Cytochrome P-450 ω-hydroxylase: A potential O2 sensor in rat arterioles and skeletal muscle cells

Mary Pat Kunert, Richard J. Roman, Magdalena Alonso-Galicia, J R Falck, Julian H. Lombard

Research output: Contribution to journalArticlepeer-review

47 Scopus citations


The purposes of this study were to 1) further evaluate the possible role that vasoconstrictor metabolites of cytochrome P-450 (CYP) ω-hydroxylase plays in O2-induced constriction of arterioles in the rat skeletal muscle microcirculation, 2) determine whether ω-hydroxylases are expressed in rat cremaster muscle, and 3) determine whether the enzyme is located in the parenchyma or the arterioles. O2-induced constriction of third-order arterioles in the in situ cremaster muscle of Sprague-Dawley rats was significantly inhibited by the CYP inhibitors N-methylsulfonyl-12,12-dibromododec-11-enamide (DDMS; 50 μM) and 17-octadecynoic acid (ODYA; 10 μM). Immunoblot analysis with antibody raised against CYP4A protein indicated the presence of immunoreactive proteins in the cremaster muscle and in isolated arterioles and muscle fibers from this tissue. However, the molecular mass of the immunoreactive proteins was 85 kDa instead of the expected 50-52 kDa for CYP4A ω-hydroxylase isolated from rat liver or kidney. Treatment of the cremaster muscle with deglycosidases shifted the bands to the expected range which indicates that these proteins are likely glycosylated in skeletal muscle. Immunohistochemistry revealed intense staining of both muscle fibers and microvessels in the cremaster muscle. The results of this study indicate that O2 sensing in the skeletal muscle microcirculation may be mediated by CYP4A ω-hydroxylases in both arterioles and parenchymal cells.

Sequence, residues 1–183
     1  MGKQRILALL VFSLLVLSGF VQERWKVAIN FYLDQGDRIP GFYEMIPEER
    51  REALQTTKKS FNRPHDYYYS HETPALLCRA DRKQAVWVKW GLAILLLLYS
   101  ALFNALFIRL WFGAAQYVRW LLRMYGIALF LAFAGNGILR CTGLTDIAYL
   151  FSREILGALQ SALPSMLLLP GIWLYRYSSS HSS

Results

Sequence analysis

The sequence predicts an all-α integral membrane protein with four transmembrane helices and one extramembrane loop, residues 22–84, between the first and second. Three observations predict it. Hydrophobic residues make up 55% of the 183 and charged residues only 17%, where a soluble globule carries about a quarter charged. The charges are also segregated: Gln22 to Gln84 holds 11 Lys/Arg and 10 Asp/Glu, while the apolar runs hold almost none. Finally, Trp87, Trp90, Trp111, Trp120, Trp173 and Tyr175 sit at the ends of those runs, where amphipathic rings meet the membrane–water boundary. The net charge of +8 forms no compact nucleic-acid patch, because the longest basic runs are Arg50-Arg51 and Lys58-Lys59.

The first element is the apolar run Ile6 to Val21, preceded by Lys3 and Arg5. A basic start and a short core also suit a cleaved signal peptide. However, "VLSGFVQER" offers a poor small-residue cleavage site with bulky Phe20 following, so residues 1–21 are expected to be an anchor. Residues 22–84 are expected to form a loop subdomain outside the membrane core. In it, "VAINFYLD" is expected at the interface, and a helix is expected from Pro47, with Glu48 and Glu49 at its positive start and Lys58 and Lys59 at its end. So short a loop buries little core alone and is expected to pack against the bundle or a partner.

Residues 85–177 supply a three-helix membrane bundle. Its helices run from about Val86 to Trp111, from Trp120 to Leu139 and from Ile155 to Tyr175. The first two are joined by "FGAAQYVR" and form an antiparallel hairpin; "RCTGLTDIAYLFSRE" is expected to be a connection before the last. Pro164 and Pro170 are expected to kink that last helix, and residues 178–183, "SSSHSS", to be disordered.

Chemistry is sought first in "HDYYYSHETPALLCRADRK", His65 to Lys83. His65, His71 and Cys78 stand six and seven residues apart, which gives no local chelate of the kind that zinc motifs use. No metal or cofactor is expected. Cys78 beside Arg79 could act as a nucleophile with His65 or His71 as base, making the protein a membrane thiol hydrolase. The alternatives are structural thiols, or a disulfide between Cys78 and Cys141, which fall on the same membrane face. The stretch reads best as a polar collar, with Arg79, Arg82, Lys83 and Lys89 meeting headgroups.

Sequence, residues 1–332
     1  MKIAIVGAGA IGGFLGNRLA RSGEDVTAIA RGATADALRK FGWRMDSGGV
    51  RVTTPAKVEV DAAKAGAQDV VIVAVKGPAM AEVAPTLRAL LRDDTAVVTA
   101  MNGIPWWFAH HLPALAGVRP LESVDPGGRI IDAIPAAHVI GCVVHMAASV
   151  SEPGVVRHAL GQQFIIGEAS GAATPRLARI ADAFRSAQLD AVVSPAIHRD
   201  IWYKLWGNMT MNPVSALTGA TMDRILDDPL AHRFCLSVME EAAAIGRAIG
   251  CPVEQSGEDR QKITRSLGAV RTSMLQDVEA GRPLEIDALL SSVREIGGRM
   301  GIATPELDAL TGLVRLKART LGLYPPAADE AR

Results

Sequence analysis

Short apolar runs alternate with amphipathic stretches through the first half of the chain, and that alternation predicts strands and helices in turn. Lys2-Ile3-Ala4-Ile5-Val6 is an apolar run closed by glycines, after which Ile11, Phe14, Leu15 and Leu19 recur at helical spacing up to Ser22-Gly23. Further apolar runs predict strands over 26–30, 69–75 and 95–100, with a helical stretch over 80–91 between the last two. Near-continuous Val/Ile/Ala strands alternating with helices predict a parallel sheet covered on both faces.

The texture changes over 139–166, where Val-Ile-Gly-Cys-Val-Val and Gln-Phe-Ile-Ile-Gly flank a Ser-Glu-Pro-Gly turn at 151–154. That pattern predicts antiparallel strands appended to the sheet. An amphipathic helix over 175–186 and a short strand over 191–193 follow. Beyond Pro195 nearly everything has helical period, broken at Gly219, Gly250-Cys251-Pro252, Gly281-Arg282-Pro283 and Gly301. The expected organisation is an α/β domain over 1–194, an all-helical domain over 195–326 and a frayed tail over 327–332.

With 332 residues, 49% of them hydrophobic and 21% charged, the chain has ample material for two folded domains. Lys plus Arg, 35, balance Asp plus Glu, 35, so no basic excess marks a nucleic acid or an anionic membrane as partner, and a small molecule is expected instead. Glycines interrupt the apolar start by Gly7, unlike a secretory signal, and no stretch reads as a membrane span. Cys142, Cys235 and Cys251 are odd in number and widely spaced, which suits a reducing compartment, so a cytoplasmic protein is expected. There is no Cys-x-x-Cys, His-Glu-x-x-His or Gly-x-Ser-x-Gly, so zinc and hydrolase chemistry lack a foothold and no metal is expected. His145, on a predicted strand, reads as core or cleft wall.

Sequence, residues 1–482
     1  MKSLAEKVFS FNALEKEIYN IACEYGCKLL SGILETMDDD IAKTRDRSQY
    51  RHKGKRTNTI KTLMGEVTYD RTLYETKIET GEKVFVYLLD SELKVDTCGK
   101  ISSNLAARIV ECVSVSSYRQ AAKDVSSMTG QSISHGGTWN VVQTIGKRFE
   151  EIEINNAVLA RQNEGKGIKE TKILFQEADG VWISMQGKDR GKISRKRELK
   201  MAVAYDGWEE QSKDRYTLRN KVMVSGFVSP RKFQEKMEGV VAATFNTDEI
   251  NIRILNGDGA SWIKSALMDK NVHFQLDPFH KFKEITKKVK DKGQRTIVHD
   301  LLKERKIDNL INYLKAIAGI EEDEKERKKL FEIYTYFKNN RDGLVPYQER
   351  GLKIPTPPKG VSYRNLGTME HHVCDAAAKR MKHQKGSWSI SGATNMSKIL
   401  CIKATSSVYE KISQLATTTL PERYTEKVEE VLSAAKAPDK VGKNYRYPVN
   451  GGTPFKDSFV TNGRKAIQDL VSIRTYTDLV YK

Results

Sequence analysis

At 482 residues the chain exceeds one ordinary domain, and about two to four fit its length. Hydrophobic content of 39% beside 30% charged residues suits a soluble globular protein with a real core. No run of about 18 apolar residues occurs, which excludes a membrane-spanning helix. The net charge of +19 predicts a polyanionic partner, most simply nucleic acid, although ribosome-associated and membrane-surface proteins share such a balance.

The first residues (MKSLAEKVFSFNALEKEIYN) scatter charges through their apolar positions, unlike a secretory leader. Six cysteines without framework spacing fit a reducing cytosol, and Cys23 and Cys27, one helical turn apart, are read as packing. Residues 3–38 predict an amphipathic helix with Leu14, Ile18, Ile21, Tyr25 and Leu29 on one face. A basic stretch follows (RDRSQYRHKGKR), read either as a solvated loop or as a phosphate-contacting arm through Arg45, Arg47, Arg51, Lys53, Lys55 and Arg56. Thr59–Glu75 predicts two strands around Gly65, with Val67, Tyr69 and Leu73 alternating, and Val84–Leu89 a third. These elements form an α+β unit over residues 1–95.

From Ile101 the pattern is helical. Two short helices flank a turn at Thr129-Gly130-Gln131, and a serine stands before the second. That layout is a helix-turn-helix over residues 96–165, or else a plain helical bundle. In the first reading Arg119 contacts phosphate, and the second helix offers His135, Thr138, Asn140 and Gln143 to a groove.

Original languageEnglish (US)
Pages (from-to)H1840-H1845
JournalAmerican Journal of Physiology - Heart and Circulatory Physiology
Issue number4 49-4
StatePublished - Apr 2001


  • 20-hydroxyeicosatetraenoic acid
  • Autoregulation
  • Microcirculation
  • Vascular smooth muscle

ASJC Scopus subject areas

  • Physiology
  • Cardiology and Cardiovascular Medicine
  • Physiology (medical)


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